A major journalistic investigation of a data leak from Pegasus, a spyware originally licensed to be used against terrorists shows that the software has been used to facilitate surveillance against a massive number and range of targets including heads of state, activists and journalists. The investigative story led and coordinated by Paris based Forbidden Stories, found that at least “180 journalists around the world have been selected as targets by clients of the cybersurveillance company NSO Group”. The investigation is based on a leak of 50,000 phone numbers of potential surveillance targets.
Pegasus, a malware developed by Israel based NSO group, that allows mobile devices to access and surveill messages, media and emails. The malware can also record calls and secretly activate microphones to survey the target.
The Guardian, one of the news organisations that involved in the investigation, writes that that the investigation suggests “widespread and continuing abuse of NSO’s hacking spyware, Pegasus, which the company insists is only intended for use against criminals and terrorists”.
Pegasus at the borders
For Pakistan, the investigation has additional importance. According to Washington Post, another organisation that was a part of the investigation, writes that “among the hundreds of Pakistani phone numbers that appear on a list that includes numbers selected for surveillance by NSO Group clients was one once associated with Prime Minister Imran Khan”. The investigation found that from India, “more than 2,000 Indian and Pakistani numbers were selected as targets between 2017 and 2019”.
Investigation into numbers that were targeted by India appear to demonstrate that the Indian government has attempted to surviell on journalists and politicians who may be seen as critical of the Modi government. Initial reports indicate that more than the phones of more than 30 Indian journalists were targetted. Washington Post also reports the tarhettong of Prashant Kishor, an influential campaign strategist, who has helped developed electoral campaigns for Modi’s opponents.
Zero Click Surveillance
Forbidden Stories explains the developments in spyware technologies in detail, noting that overtime these malwares have become more subtle. Claudio Guarnieri, director of Amnesty International’s Security Lab, that conducted the forensic analysis of the recent data leak of the Pegasus Project explains that “Instead of the target having to click on a link to install the spyware, so-called “zero-click” exploits allow the client to take control of the phone without any engagement on the part of the target”. According to reports, once a phone is infected, Pegasus spyware can be activated and deactivated at will, allowing the clients to get complete access to the device, including the ability to bypass encryption. In essence, Pegasus works like someone physically standing over the target’s shoulder looking at the screen and tuned into the surroundings.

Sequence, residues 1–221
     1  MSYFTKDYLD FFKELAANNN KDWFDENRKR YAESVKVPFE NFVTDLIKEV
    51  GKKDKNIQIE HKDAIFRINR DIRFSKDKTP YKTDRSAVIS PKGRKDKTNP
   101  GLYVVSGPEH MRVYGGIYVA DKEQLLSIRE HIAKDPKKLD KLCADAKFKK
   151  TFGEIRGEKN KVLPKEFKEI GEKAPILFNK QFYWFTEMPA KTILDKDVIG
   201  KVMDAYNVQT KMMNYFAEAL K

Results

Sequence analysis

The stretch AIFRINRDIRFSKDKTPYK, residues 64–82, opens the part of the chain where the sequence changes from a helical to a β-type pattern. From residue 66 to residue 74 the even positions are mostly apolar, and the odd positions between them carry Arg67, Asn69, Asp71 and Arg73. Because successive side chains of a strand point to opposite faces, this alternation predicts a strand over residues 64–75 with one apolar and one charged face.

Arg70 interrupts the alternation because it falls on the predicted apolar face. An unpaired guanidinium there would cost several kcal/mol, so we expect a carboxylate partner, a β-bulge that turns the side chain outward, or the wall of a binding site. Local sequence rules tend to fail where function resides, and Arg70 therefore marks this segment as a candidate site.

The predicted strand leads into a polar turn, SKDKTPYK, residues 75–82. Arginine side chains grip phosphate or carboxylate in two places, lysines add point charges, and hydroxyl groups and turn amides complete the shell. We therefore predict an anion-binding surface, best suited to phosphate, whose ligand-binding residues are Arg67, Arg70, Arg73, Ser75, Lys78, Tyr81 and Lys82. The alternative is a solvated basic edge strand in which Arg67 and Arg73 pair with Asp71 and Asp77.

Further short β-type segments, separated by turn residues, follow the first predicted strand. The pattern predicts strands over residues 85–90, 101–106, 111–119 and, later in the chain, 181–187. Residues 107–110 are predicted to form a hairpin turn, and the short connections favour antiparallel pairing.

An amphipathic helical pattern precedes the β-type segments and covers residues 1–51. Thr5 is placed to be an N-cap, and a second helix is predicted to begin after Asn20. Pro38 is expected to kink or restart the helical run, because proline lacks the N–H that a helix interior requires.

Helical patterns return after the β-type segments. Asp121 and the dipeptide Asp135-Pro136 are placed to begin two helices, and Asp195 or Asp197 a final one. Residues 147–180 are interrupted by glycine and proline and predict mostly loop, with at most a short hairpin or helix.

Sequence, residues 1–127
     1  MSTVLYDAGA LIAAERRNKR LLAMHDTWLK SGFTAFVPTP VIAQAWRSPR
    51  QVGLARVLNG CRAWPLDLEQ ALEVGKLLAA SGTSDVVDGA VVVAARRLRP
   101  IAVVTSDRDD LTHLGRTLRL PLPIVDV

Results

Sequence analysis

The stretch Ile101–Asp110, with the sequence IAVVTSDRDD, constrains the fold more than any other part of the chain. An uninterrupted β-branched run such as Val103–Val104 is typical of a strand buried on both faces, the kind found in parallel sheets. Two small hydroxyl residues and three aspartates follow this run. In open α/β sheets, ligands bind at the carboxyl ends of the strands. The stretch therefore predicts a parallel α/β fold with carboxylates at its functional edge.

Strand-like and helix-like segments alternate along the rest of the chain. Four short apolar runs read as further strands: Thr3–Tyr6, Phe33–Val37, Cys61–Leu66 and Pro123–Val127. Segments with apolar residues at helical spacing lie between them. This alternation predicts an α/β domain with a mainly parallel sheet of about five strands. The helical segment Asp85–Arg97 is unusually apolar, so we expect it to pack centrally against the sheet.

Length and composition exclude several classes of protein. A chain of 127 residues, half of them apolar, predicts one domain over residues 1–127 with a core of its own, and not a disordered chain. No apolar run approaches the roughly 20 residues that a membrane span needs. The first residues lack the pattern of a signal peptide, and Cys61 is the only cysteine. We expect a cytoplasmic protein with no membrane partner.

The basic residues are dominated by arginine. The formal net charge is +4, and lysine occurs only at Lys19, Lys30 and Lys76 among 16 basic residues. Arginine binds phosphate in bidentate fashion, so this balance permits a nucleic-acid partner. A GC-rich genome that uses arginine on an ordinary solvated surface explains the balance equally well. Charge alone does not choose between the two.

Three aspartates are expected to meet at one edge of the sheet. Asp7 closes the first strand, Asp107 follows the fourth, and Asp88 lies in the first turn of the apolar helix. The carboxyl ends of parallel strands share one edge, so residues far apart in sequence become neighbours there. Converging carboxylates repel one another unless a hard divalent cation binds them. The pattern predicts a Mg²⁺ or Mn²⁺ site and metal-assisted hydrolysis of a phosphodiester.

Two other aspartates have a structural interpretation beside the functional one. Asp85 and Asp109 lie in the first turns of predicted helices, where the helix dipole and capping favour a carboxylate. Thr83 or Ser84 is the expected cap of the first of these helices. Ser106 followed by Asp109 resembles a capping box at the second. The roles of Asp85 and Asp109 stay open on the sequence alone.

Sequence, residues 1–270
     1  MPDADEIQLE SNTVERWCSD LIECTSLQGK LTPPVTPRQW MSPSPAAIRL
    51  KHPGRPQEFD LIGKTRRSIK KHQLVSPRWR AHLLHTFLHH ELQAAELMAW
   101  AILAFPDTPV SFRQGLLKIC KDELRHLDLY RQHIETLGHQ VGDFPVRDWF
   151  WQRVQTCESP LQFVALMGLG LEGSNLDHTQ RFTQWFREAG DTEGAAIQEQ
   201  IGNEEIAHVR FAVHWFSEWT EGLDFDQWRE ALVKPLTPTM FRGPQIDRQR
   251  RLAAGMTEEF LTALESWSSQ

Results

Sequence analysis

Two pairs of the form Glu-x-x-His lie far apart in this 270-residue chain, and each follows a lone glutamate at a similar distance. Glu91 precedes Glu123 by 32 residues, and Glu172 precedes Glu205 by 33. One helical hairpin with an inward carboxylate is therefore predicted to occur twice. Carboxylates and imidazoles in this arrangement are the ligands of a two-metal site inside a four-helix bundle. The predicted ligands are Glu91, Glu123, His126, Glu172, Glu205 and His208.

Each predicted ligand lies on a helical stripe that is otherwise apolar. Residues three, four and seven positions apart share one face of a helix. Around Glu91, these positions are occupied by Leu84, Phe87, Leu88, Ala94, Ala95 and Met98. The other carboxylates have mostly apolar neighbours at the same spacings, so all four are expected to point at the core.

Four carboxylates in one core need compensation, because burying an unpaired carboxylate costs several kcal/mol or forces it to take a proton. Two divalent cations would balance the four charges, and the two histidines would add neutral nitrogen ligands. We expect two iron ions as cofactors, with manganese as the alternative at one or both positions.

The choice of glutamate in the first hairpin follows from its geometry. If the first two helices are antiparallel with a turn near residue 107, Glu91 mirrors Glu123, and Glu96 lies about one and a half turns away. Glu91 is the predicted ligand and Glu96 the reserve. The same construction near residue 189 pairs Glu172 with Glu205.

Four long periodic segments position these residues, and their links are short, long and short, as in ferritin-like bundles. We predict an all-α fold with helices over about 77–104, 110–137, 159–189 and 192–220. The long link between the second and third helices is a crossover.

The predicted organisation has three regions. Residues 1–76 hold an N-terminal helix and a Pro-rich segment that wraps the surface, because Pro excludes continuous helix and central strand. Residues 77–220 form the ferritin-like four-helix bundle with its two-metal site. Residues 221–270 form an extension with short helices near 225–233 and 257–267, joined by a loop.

Part of a larger pattern
It is important to note that this is not the first investigation about the human rights violations being conducted by the use of this technology. In 2018, Canada based Citizen Lab, released a report titled ‘Hide and Seek’ that indicated abusive use of spyware to target civil society, including Bahrain, Kazakhstan, Mexico, Morocco, Saudi Arabia, and the United Arab Emirates. Overall the report documented the use of this malware in at least 45 countries.
Amnesty International, found that the forensics of phones recently identified as being targeted by Pegasus are “consistent with past analyses of journalists targeted through NSO’s spyware, including the dozens of journalists allegedly hacked in the UAE and Saudi Arabia and identified by Citizen Lab in December of last year”.
According to the Guardian, slain Saudi journalists Jamal Kashoggi’s family was also targeted by Peagsus.
Condemnation by Human Rights Groups
Various global human rights watchdogs have expressed serious concerns about teh implications of the use of such technologies by regressive governments.
The Pegasus Project lays bare how NSO’s spyware is a weapon of choice for repressive governments seeking to silence journalists, attack activists and crush dissent, placing countless lives in peril,” said Agnès Callamard, Secretary General of Amnesty International.
The Committee to Protect Journalists (CPJ) has also expressed serious concerns. In an article published on CPJ’s website, Robert Mahoney, CPJ’s deputy executive director said that “governments and companies must act now to stop the abuse of this spyware which is evidently being used to undermine civil liberties, not just counter terrorism and crime. No one should have unfettered power to spy on the press, least of all governments known to target journalists with physical abuse and legal reprisals”.